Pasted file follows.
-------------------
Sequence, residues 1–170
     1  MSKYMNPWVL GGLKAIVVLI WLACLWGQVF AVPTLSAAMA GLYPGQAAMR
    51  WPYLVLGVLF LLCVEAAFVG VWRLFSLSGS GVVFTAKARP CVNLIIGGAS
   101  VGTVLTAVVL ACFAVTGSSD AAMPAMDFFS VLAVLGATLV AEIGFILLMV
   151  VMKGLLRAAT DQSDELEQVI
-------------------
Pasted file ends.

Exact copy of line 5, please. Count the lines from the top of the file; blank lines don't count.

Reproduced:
   151  VMKGLLRAAT DQSDELEQVI